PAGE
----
Since the Foo Fighters (consisting of guitarist/singer Dave Grohl, guitarists Chris Shiflett and Pat Smear, bassist Nate Mendel and drummer Taylor Hawkins) were formed out of the demise of Nirvana (who Grohl played drums with) in 1995, the band has had one of the most consistent and successful careers in modern rock, although their music has been somewhat stale over the past decade. "The Color and the Shape," (1997,) and "There is Nothing Left to Lose," (1999,) are two classics of ‘90s rock, showcasing Grohl’s love of punk anthems, power ballads and ‘70s pop rock. The band’s last three albums (2002’s "One by One," 2005’s "In Your Honor" and 2007’s "Echoes, Silence, Patience and Grace") had flashes of their earlier greatness, but they sounded like a band going through the motions. One had to wonder if the group was growing complacent with age.
The Foo Fighters’ seventh album, "Wasting Light," puts all of those fears to rest. It is an outstanding album, by far the best set of songs the band has put out since the late 90s. Produced by Butch Vig, who produced Nirvana’s "Nevermind," and recorded in Grohl’s garage, "Wasting Light" is a true back-to-basics album, with the group returning to their greatest strength: creating loud, melodic and impassioned rock.
The album takes off right from the opening track, "Burning Bridge," with racing guitars, Grohl’s passionate howl and an instantly memorable chorus. Grohl is not the greatest songwriter in the world, but the key to the Foo Fighters has been the delivery; their best songs are delivered with so much energy that any lyrical shortcomings go unnoticed. The band is smart enough to know that when creating memorable music, volume mean nothing if there is not a good song at the core, and "Wasting Light" has plenty of both.
There is not a single weak song on the album, and while this is one of the Foo Fighters’ heaviest records, none of the songs sound forced. The album continues with the Led Zeppelin-inspired "Rope," the hardcore tantrum "White Limo," the catchy pop of "Dear Rosemary" (with guest vocals from Husker Du’s Bob Mould) and the anguished ballad "These Days." The entire band is in peak form, with melodic guitar work from Grohl, Shiflett and Smear and the solid rhythm section of Mendel and Hawkins. Grohl’s versatility as a singer has always been underrated; he can go from a laid-back croon to a full on scream in the course of a single verse. Those are just some of the elements that make the band sound more alive than they have the past few years on record.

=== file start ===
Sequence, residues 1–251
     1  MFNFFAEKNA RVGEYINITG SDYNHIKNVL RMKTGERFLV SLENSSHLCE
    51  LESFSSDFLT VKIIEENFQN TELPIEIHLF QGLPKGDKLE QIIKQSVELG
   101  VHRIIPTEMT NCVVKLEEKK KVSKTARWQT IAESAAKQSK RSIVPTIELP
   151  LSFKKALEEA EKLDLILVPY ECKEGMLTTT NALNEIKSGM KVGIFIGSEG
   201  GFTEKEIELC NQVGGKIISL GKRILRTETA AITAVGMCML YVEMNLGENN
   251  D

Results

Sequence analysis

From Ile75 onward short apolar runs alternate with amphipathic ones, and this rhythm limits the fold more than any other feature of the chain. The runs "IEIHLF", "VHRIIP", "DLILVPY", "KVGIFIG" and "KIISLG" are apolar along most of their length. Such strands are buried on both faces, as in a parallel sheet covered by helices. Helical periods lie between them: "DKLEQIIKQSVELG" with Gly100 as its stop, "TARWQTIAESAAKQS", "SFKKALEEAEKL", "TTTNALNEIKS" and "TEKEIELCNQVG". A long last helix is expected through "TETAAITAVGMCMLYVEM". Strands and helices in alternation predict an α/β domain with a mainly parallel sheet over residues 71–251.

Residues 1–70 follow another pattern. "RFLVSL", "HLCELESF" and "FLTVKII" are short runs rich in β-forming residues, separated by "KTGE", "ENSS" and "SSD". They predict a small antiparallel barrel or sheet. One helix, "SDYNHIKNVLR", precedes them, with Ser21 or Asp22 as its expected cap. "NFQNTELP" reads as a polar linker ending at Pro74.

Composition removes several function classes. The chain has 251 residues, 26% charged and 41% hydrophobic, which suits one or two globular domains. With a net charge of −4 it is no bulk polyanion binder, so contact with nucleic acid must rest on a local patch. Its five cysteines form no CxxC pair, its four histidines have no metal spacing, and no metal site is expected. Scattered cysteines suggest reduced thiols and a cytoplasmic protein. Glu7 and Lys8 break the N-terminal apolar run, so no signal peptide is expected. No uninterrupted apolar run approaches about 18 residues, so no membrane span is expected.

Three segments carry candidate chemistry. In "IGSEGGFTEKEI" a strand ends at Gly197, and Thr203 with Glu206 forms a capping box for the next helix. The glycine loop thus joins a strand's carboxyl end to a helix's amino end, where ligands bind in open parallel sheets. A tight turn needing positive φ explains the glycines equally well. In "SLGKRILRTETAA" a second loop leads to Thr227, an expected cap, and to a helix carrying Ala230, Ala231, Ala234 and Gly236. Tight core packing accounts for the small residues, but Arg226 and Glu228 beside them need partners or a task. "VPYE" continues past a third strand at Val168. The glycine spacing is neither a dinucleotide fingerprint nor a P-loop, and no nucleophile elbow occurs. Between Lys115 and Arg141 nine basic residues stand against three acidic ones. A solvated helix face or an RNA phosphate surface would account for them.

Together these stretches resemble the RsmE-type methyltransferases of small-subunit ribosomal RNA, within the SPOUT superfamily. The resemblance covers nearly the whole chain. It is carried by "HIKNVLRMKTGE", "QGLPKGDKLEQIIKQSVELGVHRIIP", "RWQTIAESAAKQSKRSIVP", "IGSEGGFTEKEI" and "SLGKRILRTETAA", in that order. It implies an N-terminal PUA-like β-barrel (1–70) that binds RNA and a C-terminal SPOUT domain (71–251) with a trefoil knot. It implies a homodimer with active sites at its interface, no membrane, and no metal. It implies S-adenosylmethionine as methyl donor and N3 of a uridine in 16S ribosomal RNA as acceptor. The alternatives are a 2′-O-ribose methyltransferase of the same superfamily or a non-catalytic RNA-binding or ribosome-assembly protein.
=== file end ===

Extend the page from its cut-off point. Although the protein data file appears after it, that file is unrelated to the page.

The one thing that makes "Wasting Light" so special is that Dave Grohl fully confronts his past with Nirvana and the passing of Kurt Cobain. Ever since the Foo Fighters’ debut, Grohl’s music has been bombarded with speculation as to which songs are about Cobain. Some of their songs have made minor references to Cobain and Nirvana, but the best song on this album finally takes it head on: "I Should Have Known." The song, which features Nirvana’s Krist Novoselic on bass, is a mournful fit right in with Nirvana’s 1993 released, "In Utero." Grohl sings: "I should’ve known/That it would end this way," likely referring to Cobain’s 1994 suicide. Combined with strings, Novoselic’s brooding bass line and Grohl’s anguished chanting of "I will not forgive you yet," the song has an emotional impact with Grohl finally having the last word about this tragedy.
But "Wasting Light" does not end on a sour note. The album’s finale, "Walk," an uplifting anthem that is one of the group’s finest, has Grohl singing about making the most of being alive and no longer being defined by tragedies in the past: "Learning to walk again/I believe I’ve waited long enough," and closing with a chant of "I don’t wanna die" while the band flails behind him. With the triumphant return to form that is "Wasting Light," the Foo Fighters are only looking forward.